I'm not even sure what to say. Eliana's GI doctor called. I have to say again what an incredibly kind, caring and patient man. I appreciated that he took the time to call, to explain and to answer questions. I never felt rushed or silly at all with my questions.
Even though I knew the call was coming, it still is hard to have a doctor calling with test results. I was able to handle the call. I've handled the day well (I think). It hits me though in pieces.
"Mild changes were observed in the tissue that is consistent with celiac disease"
He explained that because her numbers were so very low and the changes so mild, that it is likely that we've caught it at the very beginning. "It has to begin somewhere" and it looks like this is it. There is a "remote" possibility that this may not be celiac, but he didn't think so (and honestly, neither do I). In my heart, I've just felt like this was coming.
We have two choices:
1. We can accept the diagnosis and begin treatment.
2. We can wait 6 months and do the blood test again
Dr U explained that there is no urgency to treat this based on how early it has been caught. Not treating it now will not produce any permanent damage to her. Any damage that might be done with celiac's disease is reversible. If we don't treat and begin to see symptoms earlier than 6 months, we would need to reevaluate. Based on her results, we will want to have the rest of the family tested as well. Either now if we are going to begin treatment for Eliana or we can wait 6 months to see her results and go from there.
So, there you have it. Eliana has celiac's disease. I hate writing that out. I hate seeing her name associated with one more thing. I hate diseases that strike children.
Here are some of my thoughts on this. And yes, some if it is going to sound whiny even though I know this will all work out. I know God will equip us to handle this. I just wish we didn't have to, kwim?
I know there are gluten-free products out there. They are also expensive and in small packages. (Maybe there are resources that I'm not aware of though! I'm hoping!) I'm going to have to get really creative in working out our food budget to handle this. Not to mention getting creative in the kitchen. Have I mentioned that I really don't enjoy cooking?! LOL Not sure why God keeps giving my kids (and me) food challenges! And different ones at that! I was wondering today if this is a small piece in a big picture that I just can't see yet. He is caring for us in this way and maybe one day I will understand.
Here is the other piece of the puzzle. I think in some ways, I'm probably more aware of the challenges we will face due to all that I have learned with managing Joshua's diabetes. Eating foods - or not eating them - can just be tough! Without even going through it yet, I know it is just going to be hard.
Food is such a part of our culture. Its part of almost all that we do from meals to parties to church and even our homeschool outings. Its rare that something does not have food as a piece of the event. So many foods have gluten in them. So many.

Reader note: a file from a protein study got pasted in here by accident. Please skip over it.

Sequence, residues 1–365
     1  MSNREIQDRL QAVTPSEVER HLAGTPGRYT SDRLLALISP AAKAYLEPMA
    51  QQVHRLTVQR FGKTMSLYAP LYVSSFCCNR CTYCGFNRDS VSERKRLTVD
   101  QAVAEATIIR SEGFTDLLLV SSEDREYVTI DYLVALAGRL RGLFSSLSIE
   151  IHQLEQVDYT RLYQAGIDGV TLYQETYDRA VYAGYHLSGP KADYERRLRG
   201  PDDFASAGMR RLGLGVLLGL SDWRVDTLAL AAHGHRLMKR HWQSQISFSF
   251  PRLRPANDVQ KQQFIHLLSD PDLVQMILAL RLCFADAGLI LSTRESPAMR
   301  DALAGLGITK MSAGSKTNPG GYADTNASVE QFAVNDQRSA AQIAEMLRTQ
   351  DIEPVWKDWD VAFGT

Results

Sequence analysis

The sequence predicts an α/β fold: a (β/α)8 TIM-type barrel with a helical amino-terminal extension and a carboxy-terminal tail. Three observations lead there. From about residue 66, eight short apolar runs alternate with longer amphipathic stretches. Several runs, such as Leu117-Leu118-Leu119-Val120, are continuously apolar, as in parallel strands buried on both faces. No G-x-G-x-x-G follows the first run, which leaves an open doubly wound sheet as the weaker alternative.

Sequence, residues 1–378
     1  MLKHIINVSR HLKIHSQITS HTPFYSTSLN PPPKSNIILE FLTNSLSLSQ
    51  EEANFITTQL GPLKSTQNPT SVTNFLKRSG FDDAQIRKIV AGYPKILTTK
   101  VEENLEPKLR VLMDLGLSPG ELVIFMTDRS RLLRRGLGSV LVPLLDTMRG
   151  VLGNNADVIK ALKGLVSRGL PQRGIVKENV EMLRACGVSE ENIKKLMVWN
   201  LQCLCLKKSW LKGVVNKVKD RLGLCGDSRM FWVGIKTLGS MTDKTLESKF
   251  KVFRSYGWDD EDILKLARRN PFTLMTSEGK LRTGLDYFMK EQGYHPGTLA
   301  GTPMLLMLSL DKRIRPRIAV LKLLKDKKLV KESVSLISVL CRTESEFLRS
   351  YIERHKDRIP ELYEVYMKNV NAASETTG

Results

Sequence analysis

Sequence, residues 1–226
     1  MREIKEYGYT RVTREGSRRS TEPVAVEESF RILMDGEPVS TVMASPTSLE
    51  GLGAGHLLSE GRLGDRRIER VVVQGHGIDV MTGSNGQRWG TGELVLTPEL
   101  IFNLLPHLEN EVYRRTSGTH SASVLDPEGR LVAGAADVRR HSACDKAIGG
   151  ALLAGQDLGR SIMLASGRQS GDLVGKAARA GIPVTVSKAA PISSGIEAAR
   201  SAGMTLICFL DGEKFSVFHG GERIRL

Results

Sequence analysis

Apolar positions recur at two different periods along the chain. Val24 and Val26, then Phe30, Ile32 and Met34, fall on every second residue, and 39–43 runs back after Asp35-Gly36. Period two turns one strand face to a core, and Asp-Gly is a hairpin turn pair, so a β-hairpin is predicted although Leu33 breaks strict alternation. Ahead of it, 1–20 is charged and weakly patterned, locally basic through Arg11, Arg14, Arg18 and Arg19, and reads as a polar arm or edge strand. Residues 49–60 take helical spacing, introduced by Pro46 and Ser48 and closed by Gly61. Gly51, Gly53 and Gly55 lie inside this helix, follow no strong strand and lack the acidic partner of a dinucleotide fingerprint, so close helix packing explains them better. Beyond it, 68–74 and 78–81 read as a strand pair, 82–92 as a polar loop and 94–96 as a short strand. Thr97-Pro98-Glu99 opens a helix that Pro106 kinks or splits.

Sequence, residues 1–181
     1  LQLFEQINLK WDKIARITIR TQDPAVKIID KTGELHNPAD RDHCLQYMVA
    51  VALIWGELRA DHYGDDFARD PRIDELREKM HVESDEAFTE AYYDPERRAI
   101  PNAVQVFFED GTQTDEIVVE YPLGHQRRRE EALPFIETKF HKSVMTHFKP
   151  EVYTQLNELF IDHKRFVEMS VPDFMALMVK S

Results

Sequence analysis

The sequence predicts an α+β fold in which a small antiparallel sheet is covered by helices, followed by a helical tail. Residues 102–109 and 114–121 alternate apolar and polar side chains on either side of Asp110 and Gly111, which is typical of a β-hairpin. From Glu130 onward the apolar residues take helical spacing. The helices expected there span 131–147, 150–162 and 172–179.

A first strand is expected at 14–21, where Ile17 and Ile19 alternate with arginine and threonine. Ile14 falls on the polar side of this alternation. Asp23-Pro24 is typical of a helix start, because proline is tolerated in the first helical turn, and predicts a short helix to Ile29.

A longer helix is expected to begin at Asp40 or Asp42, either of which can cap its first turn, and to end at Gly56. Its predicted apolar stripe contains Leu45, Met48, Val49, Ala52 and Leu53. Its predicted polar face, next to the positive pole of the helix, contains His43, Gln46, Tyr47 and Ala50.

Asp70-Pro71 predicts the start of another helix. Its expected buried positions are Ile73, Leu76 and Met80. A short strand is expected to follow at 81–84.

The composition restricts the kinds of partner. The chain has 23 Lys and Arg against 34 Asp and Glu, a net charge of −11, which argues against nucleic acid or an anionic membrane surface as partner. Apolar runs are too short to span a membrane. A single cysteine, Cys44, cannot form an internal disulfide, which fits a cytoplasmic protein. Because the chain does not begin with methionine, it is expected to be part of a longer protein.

Since Joshua's diagnosis, I've become so much more aware of food. I can pick up and eat what I want whenever I want to. I don't have to worry about what is in it or what it will do to my body. If I'm hungry, I can eat. It just won't be that easy for her.
I wonder not just how this will affect us in terms of cooking and preparing food at home, but how will it affect Eliana's life. She already faces challenges that most of us don't have to deal with. I just don't want this to be one more obstacle for her in finding her place. I don't want this to be a barrier to her being able to go places and do things. I just don't want this to be another way in which she might feel "different". Now, I know that different can be good. There are differences that I see in her that challenge, encourage and inspire me. There is a purity of her heart that truly is a gift. I think most of us have experienced times though when different is just plain hard.
Birthday parties, Potlucks. Snacks at church. Eating out. Summer camp. Co-op. And more. Will she be included or will it just be a burden to try to provide foods for her? Will she resent not being able to just eat what she wants? I know that has been really hard for Joshua. How hard will it be and will she even understand why she can't have goldfish? Or a variety of other foods that we've worked so hard to get her to eat. She is still so very young.
Want to hear something ironic? I *love* carbs! Maybe that isn't ironic as it's probably true of a lot of us. I have 4 or 5 50 pound tubs full of various wheat products that I bought in bulk. I use this to bake and cook with - bread and muffins mostly. Yum! Now, I know I can make these without gluten, but there will be a learning curve. (And a cost curve as buying a 50 pound tub of wheat is much cheaper!) I know, I'm whining again.
As I have learned over the last several years, there are times when you just need to mourn - and then move on. This is something to mourn. The loss of a piece of normal for our sweet little girl. I know it could be worse and I'm thankful for something that is managable. I know God will use this to teach me. I pray that He will use this to help mold and change all of us so that we are more like Him.
I'm not sure where we will go from here, but we're leaning toward waiting. I can use that time to learn and prepare. We would love your prayers, advice and insight. Hugs are great too! Thank you friends for holding up our precious little girl.